Deep issues require discussion and reflection.
The thing made me feel awkward about commenting on the CAST publication was that I don't like to play small local ag and big ag against one another.  While I most often find myself on the side of the small agricultural operations both because they tend to be the farms that I best understand and the farms one is most likely to find in Vermont, I also need to acknowledge that there's a lot to learn from big farms.  "Big Ag" has spent a lot of time and money on the issues of food safety, animal housing, disease and transportation.  They are incredibly well organized.  Can we not learn from them?  Must we reject everything about them because we disagree with their perspective?  Must they do the same with us, when we have learned so much about animal behavior, consumer relationships and beneficial management of the environment?

At the same time, I question the logic from CAST that small organic or grass-based farms are unsafe.  I was serious when I noted in the article that their view is "reductionist", because that's actually the nature of hard, laboratory science.  It must be reductionist in order to tease out small differences that approach the ability to reject a null hypothesis (in the world of double negatives, this is almost like saying you accept your actual hypothesis).  That sort of focus on individual parts reduced down to comparable attributes is incredibly difficult in the real world.  In applied science, whether performed by a University Extension researcher or a farmer with test plots, there are many, many variables.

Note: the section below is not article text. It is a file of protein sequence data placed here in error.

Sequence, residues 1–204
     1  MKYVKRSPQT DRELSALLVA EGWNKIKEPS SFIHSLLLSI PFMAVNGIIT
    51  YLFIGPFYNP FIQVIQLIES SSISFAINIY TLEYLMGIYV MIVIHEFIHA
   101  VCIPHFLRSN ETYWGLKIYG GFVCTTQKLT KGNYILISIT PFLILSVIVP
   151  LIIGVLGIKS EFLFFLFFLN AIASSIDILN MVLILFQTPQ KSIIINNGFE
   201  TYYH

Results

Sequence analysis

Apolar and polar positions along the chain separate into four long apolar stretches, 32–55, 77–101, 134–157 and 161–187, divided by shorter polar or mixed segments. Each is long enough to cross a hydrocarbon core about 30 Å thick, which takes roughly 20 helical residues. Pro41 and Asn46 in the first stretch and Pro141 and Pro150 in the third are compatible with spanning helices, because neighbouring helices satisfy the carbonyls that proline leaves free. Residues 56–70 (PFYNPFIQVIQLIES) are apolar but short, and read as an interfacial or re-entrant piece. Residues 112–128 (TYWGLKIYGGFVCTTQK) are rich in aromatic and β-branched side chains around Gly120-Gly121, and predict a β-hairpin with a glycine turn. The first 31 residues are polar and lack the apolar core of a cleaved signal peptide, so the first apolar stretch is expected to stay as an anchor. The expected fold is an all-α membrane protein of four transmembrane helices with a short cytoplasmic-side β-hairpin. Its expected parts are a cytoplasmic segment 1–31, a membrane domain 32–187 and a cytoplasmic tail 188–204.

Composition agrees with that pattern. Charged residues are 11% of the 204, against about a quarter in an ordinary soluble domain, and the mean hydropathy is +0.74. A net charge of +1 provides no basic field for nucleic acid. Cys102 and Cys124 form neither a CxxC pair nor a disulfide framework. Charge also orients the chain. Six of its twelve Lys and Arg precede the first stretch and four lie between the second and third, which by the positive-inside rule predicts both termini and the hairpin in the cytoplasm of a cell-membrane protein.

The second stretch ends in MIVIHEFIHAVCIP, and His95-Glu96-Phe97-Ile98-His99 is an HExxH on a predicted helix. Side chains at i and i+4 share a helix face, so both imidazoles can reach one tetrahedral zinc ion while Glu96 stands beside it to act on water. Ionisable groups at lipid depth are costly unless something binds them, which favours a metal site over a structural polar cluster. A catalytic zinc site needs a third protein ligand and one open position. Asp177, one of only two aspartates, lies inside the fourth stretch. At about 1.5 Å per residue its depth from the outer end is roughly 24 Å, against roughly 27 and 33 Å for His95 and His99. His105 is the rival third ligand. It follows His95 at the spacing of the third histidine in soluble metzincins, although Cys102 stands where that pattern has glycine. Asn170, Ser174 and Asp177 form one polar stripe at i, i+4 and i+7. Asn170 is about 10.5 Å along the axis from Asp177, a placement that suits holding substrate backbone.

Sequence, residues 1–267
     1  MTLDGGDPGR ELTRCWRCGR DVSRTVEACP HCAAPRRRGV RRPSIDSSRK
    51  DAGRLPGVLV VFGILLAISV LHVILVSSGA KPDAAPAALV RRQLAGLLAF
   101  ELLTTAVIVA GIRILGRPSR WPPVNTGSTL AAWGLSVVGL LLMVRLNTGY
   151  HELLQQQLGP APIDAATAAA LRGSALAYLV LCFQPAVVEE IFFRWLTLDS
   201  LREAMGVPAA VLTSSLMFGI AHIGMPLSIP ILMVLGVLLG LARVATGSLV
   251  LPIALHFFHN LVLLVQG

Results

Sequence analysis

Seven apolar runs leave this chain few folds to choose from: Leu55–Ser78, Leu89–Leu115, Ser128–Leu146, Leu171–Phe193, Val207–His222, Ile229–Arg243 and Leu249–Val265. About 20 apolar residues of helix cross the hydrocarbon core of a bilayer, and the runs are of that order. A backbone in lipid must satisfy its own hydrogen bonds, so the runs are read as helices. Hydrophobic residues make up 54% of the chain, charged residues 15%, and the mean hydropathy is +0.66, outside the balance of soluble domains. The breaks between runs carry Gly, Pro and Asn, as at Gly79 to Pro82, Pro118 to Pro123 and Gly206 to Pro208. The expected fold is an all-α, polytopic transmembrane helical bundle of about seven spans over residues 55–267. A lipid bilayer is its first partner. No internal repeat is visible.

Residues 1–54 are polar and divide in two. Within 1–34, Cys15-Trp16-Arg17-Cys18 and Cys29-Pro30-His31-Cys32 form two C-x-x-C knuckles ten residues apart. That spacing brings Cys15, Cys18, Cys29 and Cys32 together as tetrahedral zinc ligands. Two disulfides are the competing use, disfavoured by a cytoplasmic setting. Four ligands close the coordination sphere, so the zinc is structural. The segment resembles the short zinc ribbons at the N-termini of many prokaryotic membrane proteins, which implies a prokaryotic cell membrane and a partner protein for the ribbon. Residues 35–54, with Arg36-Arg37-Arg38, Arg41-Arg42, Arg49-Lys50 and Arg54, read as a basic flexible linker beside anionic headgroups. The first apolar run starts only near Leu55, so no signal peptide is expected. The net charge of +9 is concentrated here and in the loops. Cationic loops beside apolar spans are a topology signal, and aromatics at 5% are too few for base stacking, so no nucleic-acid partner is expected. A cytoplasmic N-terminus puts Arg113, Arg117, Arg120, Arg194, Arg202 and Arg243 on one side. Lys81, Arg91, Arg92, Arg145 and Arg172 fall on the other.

On the farm and in the field, we must think holistically.  Everything on a farm is some variation of managed risk, whether that means we use two strands of fence or four; invest in a tractor or an ATV; plant ryegrass or corn.  We must balance whether a new farm enterprise is worth taking extra time away from the kids' Little League games.